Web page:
The microprocessor will take numerous samples of watt, var and hydrogen pressure values as input to the data RAM 54, average them and determine whether the operating point is inside or outside of the capability curve. If inside the capability curve, the alarm relay 74 is not activated and the cycle repeats by first taking a reading of hydrogen pressure. If outside the capability curve, the alarm relay 74 is energized to activate the alarm 76.

The meter repeats the cycle, preferably about four times per second, to obtain an update in the readings of hydrogen pressure, watt and var values. In the first cycling after the power is on, there may be no hydrogen pressure, watt or var values in the RAM 54, but these values appear in subsequent cycles as the microprocessor writes these digitized values from the transducers 26, 32 and 34 into the RAM 54.

Claims (2)

What is claimed is:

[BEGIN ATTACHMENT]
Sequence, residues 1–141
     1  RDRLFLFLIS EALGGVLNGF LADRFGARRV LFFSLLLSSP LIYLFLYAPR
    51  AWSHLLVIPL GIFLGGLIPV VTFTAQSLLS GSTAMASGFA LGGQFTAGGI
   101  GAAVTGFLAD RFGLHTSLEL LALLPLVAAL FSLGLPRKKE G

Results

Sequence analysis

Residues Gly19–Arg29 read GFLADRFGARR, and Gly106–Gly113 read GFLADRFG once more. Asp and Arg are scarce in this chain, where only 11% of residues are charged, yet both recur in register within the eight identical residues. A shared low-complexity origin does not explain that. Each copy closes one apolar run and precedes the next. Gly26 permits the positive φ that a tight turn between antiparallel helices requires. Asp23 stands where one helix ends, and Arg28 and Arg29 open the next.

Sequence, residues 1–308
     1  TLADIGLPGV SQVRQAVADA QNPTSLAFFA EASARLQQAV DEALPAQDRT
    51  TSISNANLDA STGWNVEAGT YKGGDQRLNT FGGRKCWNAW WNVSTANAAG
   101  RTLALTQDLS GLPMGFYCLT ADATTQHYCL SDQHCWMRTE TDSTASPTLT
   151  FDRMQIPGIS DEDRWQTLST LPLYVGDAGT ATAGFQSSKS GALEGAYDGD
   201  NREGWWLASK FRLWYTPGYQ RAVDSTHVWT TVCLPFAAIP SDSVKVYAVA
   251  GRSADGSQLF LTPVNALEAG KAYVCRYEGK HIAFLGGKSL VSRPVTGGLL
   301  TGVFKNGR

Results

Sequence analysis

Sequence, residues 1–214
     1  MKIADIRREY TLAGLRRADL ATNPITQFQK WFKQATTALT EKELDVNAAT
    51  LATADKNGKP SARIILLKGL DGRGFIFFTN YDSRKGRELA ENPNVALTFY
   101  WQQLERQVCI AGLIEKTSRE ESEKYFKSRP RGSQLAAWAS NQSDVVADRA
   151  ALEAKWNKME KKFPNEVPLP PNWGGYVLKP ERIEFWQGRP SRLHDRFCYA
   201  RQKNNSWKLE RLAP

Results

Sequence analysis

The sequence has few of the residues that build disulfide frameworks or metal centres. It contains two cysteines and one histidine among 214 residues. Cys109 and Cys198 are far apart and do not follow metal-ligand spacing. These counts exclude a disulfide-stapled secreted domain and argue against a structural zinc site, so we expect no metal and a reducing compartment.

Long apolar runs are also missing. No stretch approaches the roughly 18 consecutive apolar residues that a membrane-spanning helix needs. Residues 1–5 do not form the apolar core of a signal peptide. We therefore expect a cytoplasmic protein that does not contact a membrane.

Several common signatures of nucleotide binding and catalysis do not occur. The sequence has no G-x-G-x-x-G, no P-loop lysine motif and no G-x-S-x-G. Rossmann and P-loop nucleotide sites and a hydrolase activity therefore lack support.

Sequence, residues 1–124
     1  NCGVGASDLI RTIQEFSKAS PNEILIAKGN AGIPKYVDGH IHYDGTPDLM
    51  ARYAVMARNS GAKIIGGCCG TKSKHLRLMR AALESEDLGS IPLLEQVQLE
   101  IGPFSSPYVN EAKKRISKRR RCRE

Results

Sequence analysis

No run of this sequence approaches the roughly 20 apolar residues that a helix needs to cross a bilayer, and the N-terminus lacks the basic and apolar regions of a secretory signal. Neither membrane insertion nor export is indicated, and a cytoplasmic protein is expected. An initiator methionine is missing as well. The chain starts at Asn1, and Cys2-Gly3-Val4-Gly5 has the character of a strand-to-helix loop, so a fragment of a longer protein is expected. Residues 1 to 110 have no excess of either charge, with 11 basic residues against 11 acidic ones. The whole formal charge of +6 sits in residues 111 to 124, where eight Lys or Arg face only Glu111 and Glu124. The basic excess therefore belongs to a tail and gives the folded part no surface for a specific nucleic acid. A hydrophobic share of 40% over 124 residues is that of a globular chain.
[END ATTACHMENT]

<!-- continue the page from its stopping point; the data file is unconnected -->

1. Apparatus for providing a real time visual graphic display indicative of the operating point, in terms of watt and vat flow, of a generator in relation to the capability curve of the generator, comprising in a visual display unit, a computer, memory storage media for storing program instructions and for transmitting such program instructions to said computer and for receiving and temporarily storing watt, vat and capability curve data and for transmitting such data to said computer for use by said computer in calculating the positions of said operating point and the applicable capability curve in accordance with said program instructions, means for measuring watt and var flow of an operating generator and transmitting data representative of the measured watt and var flow to said memory storage media for storage, means for measuring data from which the applicable capability curve of said operating generator can be calculated and transmitting the same to said memory storage media, said computer being operative to read the watt, var and capability curve data from said memory storage media and process the same to calculate the positions of said operating point and applicable capability curve and produce data representative of such calculations in accordance with the program instructions from said memory storage media, and means for reading the data representative of such calculations from said computer and transmitting the same to said display unit to visually, graphically display on said display unit the operating point of the generator in terms of watt and var flow in relation to the capability curve of the generator, means for indicating when said generator is operated manually and to signal said computer of such manual operation, said computer being operative upon receiving said signal indicative of manual operation to produce data representative of the position of a modified portion of said capability curve, said data reading means being operative to read the data representative of the position of said modified portion of said capability curve and transmit the same to said display unit for visual graphic display.